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All you need is a voltmeter to check continuity from end to end. There should be a total of three wires. One is the ground, another should be the 5 volt power and the last would be the return to the ECU. Off the top of my head (i.e. I might be wrong) is that when the throttle is closed, the TPS should give .5 volts and at wide open it will provide 4.5 volts. In between closed and wide open will be between .5 and 4.5 volts. More throttle means more voltage reported.

It is not unlikely for one to fail. Honda just doesn't sell the TPS by itself and just sells the entire TB assembly as a complete unit. I have heard that the same TPS sensor is used on Honda cars. So if you can get access to the TPS, you can compare it and the connector to what is used on on Honda cars and find a compatible unit to use. That should be far cheaper than a complete TB assembly with the big advantage being that you have a new TPS sensor rather than a used one.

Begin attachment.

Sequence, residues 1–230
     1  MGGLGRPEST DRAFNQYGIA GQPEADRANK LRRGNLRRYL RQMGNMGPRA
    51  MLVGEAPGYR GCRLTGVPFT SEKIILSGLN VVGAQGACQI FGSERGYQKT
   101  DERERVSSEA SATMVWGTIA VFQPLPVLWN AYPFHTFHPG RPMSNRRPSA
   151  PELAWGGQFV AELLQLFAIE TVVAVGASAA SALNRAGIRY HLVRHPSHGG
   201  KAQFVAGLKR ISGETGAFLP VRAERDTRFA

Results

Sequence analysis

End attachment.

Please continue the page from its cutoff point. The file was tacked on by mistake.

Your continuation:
The big if is to make sure it is the TPS. It is fairly easy to check and the same holds true for the wiring. Some bikes also start to have ground issues as some of the ground wires start to fail where they all meet. Sometimes there is a ground plug (big green connector) and other models had all the grounds come into the wiring loom and then electrical tape was used to cover them. There was a large bump in the wiring loom where they did this. A faulty ground can cause weird readings from sensors.
 

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Here is a picture of a 2004 F4i TB assembly.


This looks like the same unit but this is an aftermarket one


So you could see if the local Honda dealer sells them. If you have alternate transportation, take the one off of the bike and take it to the dealer. I would call and make sure they have at least one TPS in stock though. They won't be able to look up what your F4i takes especially since Honda doesn't provide a part number.
 

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Discussion Starter #6
I guess I'll have no choice but to invest some time into it. The issue is the time, I go to school 70 miles from my house and normally use the bike as my transportation because of the great mileage. Thanks for the help, I'll get back to you with what I find. Do you just grind those weird heads off of the tps to remove? I found a used throttle body with fuel regulator, rails, tested tps, and injectors for 50 dollars. Maybe it's worth it? The only issue I see is mine is a Cali emission, the used set are regular.